SPRINGFIELD, OH (Oct. 4, 2019) — Fire Prevention Week is Oct 6-12, a public health observance to raise fire safety awareness.
The occasion is observed annually during the week of Oct. 9, the anniversary of the Great Chicago Fire of 1871. That fire killed more than 250 people, left 100,000 homeless, destroyed more than 17,400 structures, and burned more than 2,000 acres of land, according to the National Fire Protection Association (NFPA).
“Promoting fire prevention and safety education is an enormous part of the work we do every day,” said Springfield Fire Rescue Division Chief Brian Miller. “This week, we’ll join a national push to raise awareness about ways to stay safe from fire in your home.”
Having an escape plan is a critical part of fire safety because of how quickly a fire can spread, according to the U.S. Fire Administration (USFA):
- Fire is fast ─ In less than 30 seconds a small flame can turn into a major fire. It only takes minutes for thick black smoke to fill your home. Fire spreads too quickly and the smoke is too thick. There is only a short time to escape.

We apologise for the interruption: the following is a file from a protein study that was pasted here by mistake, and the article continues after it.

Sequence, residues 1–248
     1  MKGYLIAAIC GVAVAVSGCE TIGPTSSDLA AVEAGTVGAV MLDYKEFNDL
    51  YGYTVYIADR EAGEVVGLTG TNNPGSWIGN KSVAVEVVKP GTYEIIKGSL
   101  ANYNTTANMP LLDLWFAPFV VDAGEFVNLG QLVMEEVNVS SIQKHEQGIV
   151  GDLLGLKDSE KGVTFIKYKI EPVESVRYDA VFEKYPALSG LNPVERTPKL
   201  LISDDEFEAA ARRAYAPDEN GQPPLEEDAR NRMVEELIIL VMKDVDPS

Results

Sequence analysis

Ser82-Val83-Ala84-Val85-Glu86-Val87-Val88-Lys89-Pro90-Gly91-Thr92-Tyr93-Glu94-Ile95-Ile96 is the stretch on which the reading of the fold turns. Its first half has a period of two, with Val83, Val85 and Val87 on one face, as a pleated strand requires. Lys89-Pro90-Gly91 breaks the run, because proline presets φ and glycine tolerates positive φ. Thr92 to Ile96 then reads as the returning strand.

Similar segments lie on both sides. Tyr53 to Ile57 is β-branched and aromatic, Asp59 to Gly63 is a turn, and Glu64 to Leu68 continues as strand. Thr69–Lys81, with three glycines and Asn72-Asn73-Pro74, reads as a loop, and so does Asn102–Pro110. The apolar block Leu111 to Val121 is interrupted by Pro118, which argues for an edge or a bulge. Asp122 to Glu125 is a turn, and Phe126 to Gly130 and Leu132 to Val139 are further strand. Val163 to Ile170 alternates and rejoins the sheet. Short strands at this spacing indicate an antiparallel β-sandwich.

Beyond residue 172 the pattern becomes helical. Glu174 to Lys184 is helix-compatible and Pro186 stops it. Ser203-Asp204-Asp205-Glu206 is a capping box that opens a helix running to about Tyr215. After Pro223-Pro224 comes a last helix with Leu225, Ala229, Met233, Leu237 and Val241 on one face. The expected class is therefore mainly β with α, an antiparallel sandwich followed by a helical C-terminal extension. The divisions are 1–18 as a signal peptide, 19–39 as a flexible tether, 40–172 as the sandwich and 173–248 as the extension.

- Fire is hot ─ Room temperatures in a fire can be 100 degrees at floor level and rise to 600 degrees at eye level. If you inhale this super-hot air, it will scorch your lungs.
- Fire is dark ─ Fire starts bright, but quickly makes black smoke and complete darkness. If you wake up to a fire you may be blinded, disoriented and unable to find your way around your home.
- Fire is deadly ─ Smoke and toxic gases kill more people than flames do. The odorless, colorless fumes can lull you into a deep sleep before the flames reach your door. You may not wake up in time to escape.
According to the USFA, fire escape plans include:
- Make a fire escape plan. Draw a map of each level of your home showing all doors and windows. Discuss the map with everyone who lives with you.
- Plan two ways out of every room. Choose an outside meeting place in front of your home.
- Make a fire escape plan around your abilities. If you need to use a wheelchair or a cane, make sure you can get to it easily and get out quickly. If you wear hearing aids or eyeglasses, put them next to your bed while you are sleeping.
- Make sure all doors and windows open easily.
- Practice your fire escape plan by having a home fire drill at least twice a year with everyone in the home.
- If there is a fire in your home, get out and stay out. Never go back inside for people, pets or things.
For more information about fire prevention and safety, go to usfa.fema.gov/.